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How many Wi-Fi signals are there in your immediate vicinity? If you live on a terrace, you might see 10 individual SSIDs. How about an apartment block? Wi-Fi signals are broadcast throughout the building, up and down, in and out. In fact, there is a good chance your internet speed is being negatively affected through this cacophony of wireless signals.

There is another issue here, too. If your Wi-Fi SSID is being broadcast to the surrounding houses and your security is lacklustre, there is a chance your internet is being stolen.

Here’s how you lock them out.

Check Your Router

Your first port of call is your router. If a neighbor is stealing your precious bandwidth their activity will appear in your router. Unfortunately, not every router contains or grants access to this information.

Log in to your router by typing its IP address directly into your browser. For the vast majority of routers this can be achieved by typing either 192.168.0.1, 192.168.1.1, or 192.168.1.254. The router IP address is sometimes printed on the router itself, along with the username and password needed to login. If all else fails, here is a list of common router addresses.

Once logged in, search for a section called Attached Devices or Device List. On a DD-WRT-flashed router How to Set Up Your Own VPN Server Using DD-WRT How to Set Up Your Own VPN Server Using DD-WRT Whether you want to crank up home network security or connect to your home network remotely, you'll need your own VPN. Here's how to set one up for free using DD-WRT. Read More this section appears under Status > Wireless. Once you find the page, check the connected devices. I’ve posted the current wireless connections to my own router below. I can account for every device.

home network connected wireless devices wi-fi

If you cannot, you’ve got an intruder. There should be an option to remove, delete, or block the device from connecting to your router.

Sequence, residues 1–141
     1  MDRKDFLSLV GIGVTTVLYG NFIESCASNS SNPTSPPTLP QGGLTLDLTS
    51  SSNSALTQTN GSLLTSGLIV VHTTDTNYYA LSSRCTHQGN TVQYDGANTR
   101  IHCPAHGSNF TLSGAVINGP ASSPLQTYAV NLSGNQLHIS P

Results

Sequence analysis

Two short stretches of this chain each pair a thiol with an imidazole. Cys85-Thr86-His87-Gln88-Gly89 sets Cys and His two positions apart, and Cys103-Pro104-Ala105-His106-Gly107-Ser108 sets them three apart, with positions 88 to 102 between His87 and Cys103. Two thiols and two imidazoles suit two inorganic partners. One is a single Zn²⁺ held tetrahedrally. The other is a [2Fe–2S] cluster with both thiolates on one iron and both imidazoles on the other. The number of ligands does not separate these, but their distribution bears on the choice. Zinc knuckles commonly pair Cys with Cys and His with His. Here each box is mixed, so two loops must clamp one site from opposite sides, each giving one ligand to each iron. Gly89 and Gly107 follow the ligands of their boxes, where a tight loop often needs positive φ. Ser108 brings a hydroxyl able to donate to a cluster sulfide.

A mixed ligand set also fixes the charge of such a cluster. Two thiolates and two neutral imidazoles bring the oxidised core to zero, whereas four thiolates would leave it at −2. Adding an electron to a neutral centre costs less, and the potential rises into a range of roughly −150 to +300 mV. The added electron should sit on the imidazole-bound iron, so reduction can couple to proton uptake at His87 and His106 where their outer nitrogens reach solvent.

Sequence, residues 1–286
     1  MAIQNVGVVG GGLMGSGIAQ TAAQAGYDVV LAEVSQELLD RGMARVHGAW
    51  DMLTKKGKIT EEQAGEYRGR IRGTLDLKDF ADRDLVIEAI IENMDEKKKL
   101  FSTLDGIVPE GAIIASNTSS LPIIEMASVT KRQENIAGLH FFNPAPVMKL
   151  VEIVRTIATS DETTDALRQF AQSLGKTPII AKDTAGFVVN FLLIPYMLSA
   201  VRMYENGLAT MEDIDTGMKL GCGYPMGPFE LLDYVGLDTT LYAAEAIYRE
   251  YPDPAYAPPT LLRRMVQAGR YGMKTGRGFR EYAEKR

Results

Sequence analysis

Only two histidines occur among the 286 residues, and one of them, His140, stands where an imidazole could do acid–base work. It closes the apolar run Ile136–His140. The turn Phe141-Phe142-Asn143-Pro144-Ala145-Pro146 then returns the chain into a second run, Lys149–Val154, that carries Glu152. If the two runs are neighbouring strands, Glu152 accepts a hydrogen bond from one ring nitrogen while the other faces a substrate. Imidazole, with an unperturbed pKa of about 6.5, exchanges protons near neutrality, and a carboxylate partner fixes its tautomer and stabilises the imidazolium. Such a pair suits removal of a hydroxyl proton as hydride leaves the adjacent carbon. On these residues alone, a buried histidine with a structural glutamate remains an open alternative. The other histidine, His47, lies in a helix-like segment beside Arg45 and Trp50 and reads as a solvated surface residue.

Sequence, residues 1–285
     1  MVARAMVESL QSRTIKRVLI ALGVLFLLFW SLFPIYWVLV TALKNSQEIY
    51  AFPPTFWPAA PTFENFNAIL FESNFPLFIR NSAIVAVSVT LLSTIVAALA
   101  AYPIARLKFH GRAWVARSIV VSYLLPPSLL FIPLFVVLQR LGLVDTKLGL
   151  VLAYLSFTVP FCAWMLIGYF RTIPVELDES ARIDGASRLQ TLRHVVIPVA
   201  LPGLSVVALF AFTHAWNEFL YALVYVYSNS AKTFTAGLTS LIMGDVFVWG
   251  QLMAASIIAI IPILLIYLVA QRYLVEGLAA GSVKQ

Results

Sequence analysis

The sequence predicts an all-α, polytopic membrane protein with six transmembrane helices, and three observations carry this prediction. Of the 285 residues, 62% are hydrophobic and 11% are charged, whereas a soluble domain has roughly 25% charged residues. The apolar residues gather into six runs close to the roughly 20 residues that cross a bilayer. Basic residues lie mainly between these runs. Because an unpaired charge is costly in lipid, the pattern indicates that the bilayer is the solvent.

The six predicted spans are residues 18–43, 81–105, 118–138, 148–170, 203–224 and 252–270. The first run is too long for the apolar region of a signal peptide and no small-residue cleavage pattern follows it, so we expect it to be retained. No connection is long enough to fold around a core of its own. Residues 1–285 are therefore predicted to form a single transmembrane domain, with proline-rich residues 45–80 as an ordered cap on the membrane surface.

Change the Default Admin Password

Your router came with a default admin username and password. This should be one of the first things you change.

There are numerous websites that allow you to search for default login credentials by router model. This is clearly a risk, so change the admin password via your router’s web page.

Check Your Security Settings

The thief has a way through your security settings. This, on the presumption that you have enough security to keep someone out. Some routers automatically create a connection for you. They might not use the strongest security settings available.

Goodness knows why they wouldn’t, but it certainly happens.

Use WPA2

You must absolutely use the WPA2 encryption standard to protect your password. If you’re currently using WEP, stop right now! WEP is the oldest, least-secure way to protect your Wi-Fi. WEP is about as useful as a chocolate teapot WPA2, WEP, And Friends: What's The Best Way To Encrypt Your Wi-Fi? WPA2, WEP, And Friends: What's The Best Way To Encrypt Your Wi-Fi? When setting up wireless encryption on your router, you'll come across a variety of confusing terms -- WPA2, WPA, WEP, WPA-Personal, and WPA-Enterprise. Read More : it is very easy to crack and will only keep out the most casual of casual users.

Your router will support the much stronger WPA2 security standard. While it isn’t perfect, it will deter all but the most desperate.

Hide Your SSID

This might help in dense concentration of network signals. Your SSID — the name of your Wi-Fi network — will not be broadcast to the surrounding area 10 Common Misconceptions About Wireless Networks 10 Common Misconceptions About Wireless Networks Today, we're going to bring networking to the forefront, and discuss 10 of the most widespread misconceptions about your home Wi-Fi network.  Read More . However, anyone can use freely available hacking tools such as Backtrack to reveal it immediately.

Alternatively, rename your SSID 50 Funny Wi-Fi Names for Your Network SSID 50 Funny Wi-Fi Names for Your Network SSID A good Wi-Fi name makes it easy to find your own network. A great network name will also entertain your neighbors. Read More to something terrifying.